Skip to main content

Create Expectations Icon Create Expectations: Overview

SetupArrowConnect to DataArrowCreate ExpectationsArrowValidate Data
Prerequisites

Creating ExpectationsA verifiable assertion about data. is an integral part of Great Expectations. By the end of this step, you will have created an Expectation SuiteA collection of verifiable assertions about data. containing one or more Expectations which you will use when you ValidateThe act of applying an Expectation Suite to a Batch. data.

The Create Expectations process​

There are a few workflows you can potentially follow when creating Expectations. These workflows represent various ways of creating Expectations, although they converge in the end when you will save and test those Expectations.

Where do Expectations come from?

Of the four potential ways to create Expectations illustrated above, two are recommended in particular.

The first recommended workflow of those illustrated above is the interactive workflow. In this workflow, you will be working in a Python interpreter or Jupyter notebook. You will use a ValidatorUsed to run an Expectation Suite against data. and call expectations as methods on it to define Expectations in an Expectation Suite, and when you have finished you will save that Expectation Suite into your Expectation StoreA connector to store and retrieve information about collections of verifiable assertions about data.. A more thorough overview of this workflow, and a link to an in-depth guide on it, can be found in this document's section on creating Expectations interactively.

The second recommended workflow is the Data Assistant workflow. In this workflow, you will use a Data AssistantA utility that asks questions about your data, gathering information to describe what is observed, and then presents Metrics and proposes Expectations based on the answers. to generate Expectations based on some input data. You may then preview the metrics that these Expectations are based on. Finally, you save can the generated Expectations as an Expectation Suite in an Expectation Store. A more thorough overview of this workflow, and a link to an in-depth guide on it, can be found in this document's section on creating Expectations with Data Assistants.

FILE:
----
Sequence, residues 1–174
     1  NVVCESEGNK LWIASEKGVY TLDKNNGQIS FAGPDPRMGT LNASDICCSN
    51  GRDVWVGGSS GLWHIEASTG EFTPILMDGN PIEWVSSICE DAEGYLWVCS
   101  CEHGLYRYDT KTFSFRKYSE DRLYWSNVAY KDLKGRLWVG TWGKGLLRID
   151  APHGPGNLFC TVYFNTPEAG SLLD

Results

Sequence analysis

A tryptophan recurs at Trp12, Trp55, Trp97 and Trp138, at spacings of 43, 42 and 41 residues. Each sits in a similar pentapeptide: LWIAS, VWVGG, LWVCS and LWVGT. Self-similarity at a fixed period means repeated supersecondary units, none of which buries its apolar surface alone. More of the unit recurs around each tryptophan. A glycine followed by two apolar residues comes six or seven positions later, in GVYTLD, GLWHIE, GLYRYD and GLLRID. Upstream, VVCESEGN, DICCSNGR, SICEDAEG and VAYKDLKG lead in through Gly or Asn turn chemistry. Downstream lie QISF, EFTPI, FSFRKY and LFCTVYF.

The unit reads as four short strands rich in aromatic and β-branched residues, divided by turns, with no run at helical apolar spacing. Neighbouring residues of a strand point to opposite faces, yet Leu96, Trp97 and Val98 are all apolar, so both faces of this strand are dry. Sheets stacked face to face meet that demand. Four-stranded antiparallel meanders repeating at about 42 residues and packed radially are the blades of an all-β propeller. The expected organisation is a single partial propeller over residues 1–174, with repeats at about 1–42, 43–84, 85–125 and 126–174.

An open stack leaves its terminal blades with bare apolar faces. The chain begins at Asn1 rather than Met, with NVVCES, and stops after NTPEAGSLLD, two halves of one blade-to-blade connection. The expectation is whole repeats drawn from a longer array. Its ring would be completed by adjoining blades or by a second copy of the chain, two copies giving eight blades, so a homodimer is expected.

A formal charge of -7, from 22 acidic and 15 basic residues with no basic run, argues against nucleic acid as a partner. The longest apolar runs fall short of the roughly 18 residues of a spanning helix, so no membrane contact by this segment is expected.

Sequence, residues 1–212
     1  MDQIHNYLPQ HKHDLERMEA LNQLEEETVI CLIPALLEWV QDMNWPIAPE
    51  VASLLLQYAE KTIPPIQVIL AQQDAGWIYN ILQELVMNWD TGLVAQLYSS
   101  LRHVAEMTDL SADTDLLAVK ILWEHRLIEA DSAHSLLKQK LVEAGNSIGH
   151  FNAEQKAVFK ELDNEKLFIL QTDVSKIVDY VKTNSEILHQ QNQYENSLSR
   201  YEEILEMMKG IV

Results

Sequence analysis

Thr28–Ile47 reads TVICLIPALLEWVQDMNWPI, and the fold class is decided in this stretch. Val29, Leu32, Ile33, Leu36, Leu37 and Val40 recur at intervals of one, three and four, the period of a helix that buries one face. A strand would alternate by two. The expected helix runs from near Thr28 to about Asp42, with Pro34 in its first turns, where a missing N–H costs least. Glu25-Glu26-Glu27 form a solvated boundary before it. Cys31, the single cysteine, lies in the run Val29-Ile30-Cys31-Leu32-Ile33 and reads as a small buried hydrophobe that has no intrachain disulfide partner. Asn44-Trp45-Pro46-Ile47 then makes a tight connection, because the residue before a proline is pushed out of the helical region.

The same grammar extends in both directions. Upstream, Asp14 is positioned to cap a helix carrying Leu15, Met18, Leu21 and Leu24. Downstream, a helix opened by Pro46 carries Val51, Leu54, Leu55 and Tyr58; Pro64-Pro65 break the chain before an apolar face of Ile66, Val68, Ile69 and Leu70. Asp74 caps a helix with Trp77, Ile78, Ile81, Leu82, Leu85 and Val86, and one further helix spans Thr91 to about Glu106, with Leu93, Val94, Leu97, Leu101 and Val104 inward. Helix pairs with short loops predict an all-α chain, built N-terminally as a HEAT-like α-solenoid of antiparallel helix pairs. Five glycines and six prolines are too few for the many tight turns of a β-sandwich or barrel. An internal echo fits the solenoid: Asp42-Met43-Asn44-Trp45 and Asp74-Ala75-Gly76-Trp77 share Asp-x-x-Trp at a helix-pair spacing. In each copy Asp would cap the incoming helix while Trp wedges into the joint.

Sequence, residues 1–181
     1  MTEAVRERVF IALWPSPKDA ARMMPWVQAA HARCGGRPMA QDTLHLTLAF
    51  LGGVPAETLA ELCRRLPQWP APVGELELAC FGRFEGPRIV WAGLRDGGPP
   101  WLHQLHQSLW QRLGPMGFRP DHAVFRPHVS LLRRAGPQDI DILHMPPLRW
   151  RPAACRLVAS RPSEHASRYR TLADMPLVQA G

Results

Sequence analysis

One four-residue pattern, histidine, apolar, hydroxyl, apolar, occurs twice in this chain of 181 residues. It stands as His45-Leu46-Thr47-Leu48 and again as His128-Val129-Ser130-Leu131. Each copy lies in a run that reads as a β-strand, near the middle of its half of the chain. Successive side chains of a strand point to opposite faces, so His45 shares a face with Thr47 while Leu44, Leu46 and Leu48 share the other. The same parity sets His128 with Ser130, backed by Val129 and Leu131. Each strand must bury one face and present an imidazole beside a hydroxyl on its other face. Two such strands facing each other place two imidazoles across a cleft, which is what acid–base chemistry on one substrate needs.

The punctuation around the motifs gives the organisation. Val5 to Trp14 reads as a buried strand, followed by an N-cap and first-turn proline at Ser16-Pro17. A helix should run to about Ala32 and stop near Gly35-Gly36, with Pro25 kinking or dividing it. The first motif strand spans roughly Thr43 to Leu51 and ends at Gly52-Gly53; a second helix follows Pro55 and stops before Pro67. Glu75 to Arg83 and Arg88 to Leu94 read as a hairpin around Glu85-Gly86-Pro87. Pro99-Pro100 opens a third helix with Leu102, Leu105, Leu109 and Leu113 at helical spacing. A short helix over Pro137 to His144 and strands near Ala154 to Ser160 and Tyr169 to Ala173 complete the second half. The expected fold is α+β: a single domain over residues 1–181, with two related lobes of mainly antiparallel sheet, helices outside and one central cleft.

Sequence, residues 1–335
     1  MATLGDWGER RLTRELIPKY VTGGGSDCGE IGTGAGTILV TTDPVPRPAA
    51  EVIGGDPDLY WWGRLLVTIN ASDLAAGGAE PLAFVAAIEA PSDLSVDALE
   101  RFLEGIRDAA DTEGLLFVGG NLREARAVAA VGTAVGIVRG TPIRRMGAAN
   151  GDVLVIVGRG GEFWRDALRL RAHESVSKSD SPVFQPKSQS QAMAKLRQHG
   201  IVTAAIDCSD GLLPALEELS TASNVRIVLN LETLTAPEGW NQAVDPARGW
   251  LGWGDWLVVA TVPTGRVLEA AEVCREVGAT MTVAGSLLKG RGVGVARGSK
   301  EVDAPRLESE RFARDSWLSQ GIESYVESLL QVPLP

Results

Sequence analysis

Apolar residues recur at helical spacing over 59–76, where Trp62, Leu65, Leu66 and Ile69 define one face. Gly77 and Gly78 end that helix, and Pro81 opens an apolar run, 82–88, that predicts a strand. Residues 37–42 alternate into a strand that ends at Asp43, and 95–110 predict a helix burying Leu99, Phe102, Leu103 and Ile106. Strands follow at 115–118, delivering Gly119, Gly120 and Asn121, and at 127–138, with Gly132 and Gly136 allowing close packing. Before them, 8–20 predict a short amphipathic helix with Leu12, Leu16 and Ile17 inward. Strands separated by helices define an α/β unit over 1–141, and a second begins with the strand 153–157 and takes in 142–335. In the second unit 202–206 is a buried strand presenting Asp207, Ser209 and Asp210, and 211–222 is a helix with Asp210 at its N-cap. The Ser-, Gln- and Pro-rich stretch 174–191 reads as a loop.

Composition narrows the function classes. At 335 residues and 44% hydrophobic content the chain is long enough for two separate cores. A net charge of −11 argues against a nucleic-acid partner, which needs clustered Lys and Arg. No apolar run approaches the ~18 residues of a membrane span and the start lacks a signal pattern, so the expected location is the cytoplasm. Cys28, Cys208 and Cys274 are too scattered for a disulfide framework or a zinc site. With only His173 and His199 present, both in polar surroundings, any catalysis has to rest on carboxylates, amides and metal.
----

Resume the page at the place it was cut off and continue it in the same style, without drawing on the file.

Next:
The third workflow, which is for advanced users, is to manually define your Expectations by writing their configurations. This workflow does not require source data to work against, but does require a deep understanding of the configurations available for Expectations. We will forgo discussion of it in this document, and focus on the two recommended workflows. If for some reason you must use this workflow, we do provide an in-depth guide to it in our documentation on how to create and edit expectations based on domain knowledge without inspecting data directly.

Some advanced users have also taken advantage of the fourth workflow, and have written custom methods that allow them to generate Expectations based on the metadata associated with their source data systems. This process for creating Expectations is outside the scope of this overview, and will not be discussed in depth here. However, if it is something you are interested in pursuing, you are encouraged to reach out to us on Slack.

When following one of the first two workflows, once you have saved your Expectation Suite it is advised that you test it by validating your Expectations against the BatchA selection of records from a Data Asset. or Batches of data against which you created them. This process is the same in either workflow, since at this point you will be using a saved Expectation Suite and each of the prior workflows ends with the saving of your Expectation Suite. Instructions for this will be detailed in this document's section on testing your Expectation Suite.

Creating Expectations interactively​